That said, nothing in that stops us in principle from being able to detect design. Even if life was programmed into the universe at the big bang we can still use statistical mechanics to determine the probability of certain patterns arising from chance and that includes the patterns found in living things. All it really does is pushes the design input back in time, it doesn’t make evidence of design disappear. There would be no argument about the design of life if chance worshippers weren’t so willing to wave their hands in the air with wild explanations that attempt negate the plain truth revealed by statistical mechanics. Evidence of design is everywhere from the largest to the smallest scale.

  16. 16
    DaveScot says:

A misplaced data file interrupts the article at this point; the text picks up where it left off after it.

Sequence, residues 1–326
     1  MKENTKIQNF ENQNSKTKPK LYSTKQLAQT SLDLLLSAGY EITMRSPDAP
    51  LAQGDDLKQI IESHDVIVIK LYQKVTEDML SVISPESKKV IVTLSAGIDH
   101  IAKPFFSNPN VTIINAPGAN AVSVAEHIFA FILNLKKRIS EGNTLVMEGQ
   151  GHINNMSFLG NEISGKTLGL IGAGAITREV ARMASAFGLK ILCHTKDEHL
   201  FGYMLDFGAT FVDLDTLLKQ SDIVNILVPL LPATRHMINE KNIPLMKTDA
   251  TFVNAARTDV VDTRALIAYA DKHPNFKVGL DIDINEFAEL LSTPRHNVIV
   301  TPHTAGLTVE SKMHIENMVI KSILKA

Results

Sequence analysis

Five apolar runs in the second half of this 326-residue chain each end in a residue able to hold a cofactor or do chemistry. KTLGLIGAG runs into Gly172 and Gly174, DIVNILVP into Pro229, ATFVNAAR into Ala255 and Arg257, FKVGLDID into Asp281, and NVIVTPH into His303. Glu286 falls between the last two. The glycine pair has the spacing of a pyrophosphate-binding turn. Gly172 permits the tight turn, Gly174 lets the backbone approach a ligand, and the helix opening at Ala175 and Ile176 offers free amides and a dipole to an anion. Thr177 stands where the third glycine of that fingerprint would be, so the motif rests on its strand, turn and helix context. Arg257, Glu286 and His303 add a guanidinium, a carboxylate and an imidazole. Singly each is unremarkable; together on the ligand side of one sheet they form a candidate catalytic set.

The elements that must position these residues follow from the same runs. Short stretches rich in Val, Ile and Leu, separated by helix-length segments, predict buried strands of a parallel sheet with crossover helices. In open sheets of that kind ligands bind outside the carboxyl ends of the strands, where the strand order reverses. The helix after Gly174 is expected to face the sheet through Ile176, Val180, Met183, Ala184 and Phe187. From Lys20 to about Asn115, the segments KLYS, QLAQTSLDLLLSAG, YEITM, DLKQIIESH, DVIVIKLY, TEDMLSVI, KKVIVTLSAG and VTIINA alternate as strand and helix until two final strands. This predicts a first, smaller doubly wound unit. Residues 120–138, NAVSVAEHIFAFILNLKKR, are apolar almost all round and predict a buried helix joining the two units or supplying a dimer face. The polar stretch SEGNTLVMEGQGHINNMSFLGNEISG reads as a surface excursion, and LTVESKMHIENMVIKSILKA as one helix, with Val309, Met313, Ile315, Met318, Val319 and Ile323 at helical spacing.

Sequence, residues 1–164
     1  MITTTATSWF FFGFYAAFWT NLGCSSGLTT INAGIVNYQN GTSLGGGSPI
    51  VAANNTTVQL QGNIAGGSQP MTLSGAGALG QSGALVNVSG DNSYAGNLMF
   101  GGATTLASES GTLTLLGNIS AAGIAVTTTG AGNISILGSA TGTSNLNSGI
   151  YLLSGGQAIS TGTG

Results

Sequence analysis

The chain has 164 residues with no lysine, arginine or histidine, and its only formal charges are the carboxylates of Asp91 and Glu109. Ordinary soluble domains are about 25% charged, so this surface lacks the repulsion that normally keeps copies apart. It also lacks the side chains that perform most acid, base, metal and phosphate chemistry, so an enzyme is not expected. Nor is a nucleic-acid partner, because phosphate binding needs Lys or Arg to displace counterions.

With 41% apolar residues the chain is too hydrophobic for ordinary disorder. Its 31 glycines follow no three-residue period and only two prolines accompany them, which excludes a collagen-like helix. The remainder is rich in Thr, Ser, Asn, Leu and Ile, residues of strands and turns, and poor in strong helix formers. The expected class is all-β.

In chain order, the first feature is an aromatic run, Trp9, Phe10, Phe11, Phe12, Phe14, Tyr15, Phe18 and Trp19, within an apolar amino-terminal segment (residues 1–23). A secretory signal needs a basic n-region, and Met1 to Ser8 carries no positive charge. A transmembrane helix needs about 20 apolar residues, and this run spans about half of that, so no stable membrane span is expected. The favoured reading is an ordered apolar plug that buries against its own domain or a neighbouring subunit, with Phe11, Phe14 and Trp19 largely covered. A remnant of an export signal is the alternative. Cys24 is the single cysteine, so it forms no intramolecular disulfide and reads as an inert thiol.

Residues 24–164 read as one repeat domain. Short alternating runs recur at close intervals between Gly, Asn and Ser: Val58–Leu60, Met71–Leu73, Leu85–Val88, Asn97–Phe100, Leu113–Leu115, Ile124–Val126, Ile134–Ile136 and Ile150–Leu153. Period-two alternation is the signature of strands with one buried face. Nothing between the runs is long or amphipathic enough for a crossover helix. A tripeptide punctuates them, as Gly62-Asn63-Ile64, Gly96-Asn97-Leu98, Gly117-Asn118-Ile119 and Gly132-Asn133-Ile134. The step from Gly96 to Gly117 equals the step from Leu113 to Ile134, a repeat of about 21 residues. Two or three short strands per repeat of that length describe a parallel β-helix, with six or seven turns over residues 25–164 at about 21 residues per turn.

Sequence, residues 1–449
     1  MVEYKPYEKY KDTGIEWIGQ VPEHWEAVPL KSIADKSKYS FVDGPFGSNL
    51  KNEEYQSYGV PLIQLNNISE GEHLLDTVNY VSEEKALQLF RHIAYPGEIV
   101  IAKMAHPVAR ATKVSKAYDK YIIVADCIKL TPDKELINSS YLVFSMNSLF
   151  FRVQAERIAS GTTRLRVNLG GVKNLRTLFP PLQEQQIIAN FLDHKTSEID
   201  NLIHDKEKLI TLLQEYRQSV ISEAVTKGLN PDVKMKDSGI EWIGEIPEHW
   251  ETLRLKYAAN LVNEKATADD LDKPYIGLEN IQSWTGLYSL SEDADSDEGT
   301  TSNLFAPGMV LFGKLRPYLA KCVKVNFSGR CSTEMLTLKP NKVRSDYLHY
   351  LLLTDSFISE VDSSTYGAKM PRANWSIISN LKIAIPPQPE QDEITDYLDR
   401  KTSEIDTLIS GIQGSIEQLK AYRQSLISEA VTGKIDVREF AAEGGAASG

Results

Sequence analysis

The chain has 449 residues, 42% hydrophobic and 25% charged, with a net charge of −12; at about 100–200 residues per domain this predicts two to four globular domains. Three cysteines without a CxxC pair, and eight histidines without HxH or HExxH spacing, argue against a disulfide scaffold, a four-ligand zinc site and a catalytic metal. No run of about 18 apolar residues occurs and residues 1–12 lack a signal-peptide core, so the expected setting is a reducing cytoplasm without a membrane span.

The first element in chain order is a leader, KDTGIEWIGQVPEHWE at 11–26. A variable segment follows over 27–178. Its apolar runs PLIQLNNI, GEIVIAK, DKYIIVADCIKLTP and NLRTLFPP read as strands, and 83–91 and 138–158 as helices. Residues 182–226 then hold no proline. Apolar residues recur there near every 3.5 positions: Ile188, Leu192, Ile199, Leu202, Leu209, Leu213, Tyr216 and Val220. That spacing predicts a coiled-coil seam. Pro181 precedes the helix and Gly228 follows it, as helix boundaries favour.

StephenB

    re; preferring the absentee composer over the orchestra leader.

    It just seems to be the simplest explanation and through the application of Occam’s Razor the simplest is that which is given precedence.

    I’m not sure absentee is a good term though. If the composition and orchestra are both perfect the composer can just sit back and enjoy the performance instead of fiddling with it (so to speak) as it is played. In that case he’s not absent he just has no reason to be actively involved.

  17. 17
    Frost122585 says: